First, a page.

Supply sources

Iran and Turkey have been the only significant producers of tragacanth for some years, with Iran being the principal source. They are both listed as sources in Japanese import statistics (Table 14); tragacanth from the other countries represents re-exports (the only Indian shipment may be karaya, sometimes known as Indian tragacanth).

Trade sources in London report that production in Turkey has now virtually ceased, due to the poor financial returns to the collectors.

Quality and prices

Tragacanth is bought from origin as ribbons or flakes; loss of viscosity of gum which has been powdered and stored for long periods means that powdered tragacanth is always produced in the importing country. Iranian tragacanth, which is generally regarded as superior to Turkish, is sold in about 12 different grades: five ribbon (Ribbon no. 1, Ribbon no. 2, etc.) and the remainder flake.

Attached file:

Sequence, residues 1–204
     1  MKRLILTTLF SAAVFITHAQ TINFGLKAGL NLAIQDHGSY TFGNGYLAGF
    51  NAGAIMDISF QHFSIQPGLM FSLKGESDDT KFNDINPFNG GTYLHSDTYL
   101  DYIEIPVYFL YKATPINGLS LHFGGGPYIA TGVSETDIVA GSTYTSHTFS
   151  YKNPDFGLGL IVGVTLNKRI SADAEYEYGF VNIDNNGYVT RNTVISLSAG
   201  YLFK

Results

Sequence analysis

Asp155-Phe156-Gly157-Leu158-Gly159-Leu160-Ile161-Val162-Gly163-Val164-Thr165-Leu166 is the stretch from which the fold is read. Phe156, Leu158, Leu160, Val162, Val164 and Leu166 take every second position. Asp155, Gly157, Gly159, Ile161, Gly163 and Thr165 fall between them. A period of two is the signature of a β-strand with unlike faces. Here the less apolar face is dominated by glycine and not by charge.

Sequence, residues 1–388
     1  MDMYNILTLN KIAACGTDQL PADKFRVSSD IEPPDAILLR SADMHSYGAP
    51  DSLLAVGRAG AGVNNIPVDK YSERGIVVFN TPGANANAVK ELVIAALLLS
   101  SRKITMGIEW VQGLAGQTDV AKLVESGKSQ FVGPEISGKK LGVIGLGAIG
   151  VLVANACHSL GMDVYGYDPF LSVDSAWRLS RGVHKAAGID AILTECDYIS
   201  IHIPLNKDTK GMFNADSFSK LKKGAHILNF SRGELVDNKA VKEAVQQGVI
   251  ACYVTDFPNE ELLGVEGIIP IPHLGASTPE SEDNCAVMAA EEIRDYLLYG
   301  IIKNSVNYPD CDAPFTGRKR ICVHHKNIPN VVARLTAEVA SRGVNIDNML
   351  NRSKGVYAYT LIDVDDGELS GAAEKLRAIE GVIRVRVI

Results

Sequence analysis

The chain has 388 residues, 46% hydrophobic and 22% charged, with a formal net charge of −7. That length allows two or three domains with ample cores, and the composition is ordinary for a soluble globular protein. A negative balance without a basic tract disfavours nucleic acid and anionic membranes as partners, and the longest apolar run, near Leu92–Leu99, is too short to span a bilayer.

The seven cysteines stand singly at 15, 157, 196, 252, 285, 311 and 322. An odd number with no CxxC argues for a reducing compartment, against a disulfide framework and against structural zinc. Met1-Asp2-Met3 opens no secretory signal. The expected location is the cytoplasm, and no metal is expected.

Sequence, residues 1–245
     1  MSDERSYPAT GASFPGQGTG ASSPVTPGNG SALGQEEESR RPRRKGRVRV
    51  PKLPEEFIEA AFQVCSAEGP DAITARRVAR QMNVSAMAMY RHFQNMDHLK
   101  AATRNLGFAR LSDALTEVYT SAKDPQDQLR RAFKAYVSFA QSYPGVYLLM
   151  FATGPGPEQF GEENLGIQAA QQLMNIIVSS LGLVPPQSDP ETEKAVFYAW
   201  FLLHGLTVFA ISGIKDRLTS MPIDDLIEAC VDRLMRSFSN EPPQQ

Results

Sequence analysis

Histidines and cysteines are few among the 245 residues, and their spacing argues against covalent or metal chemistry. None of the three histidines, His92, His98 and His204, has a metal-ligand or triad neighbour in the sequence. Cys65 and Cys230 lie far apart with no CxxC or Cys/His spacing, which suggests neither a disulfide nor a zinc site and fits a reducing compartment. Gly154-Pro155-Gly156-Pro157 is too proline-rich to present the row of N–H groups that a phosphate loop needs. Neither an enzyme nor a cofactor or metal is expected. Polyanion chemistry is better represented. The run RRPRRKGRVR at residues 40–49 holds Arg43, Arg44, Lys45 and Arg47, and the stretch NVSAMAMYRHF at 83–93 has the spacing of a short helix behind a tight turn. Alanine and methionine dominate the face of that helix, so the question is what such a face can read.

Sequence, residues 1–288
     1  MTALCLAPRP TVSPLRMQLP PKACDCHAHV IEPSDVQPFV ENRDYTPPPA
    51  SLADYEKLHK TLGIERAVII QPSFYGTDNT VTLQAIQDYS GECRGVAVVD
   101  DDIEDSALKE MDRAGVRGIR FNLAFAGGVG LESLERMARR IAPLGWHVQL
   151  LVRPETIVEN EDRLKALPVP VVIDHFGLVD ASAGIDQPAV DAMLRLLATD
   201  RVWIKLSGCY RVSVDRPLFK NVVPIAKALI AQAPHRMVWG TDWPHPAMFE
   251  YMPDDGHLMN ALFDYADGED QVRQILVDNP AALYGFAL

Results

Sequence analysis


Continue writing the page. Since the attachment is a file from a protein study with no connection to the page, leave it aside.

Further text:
Ribbon no. 1 is the top grade, being the palest and cleanest. Ribbon grades are usually used for pharmaceutical purposes; flake is used for food applications. The lower flake grades are appreciably darker and contain some foreign matter. When powdered for the end-user, tragacanth is sold and specified by viscosity.

An FAO specification exists for food grade tragacanth and includes limits on arsenic, lead and heavy metals, as well as some other parameters. Tragacanth is also specified in many pharmacopoeias for pharmaceutical use, including the British Pharmacopoeia.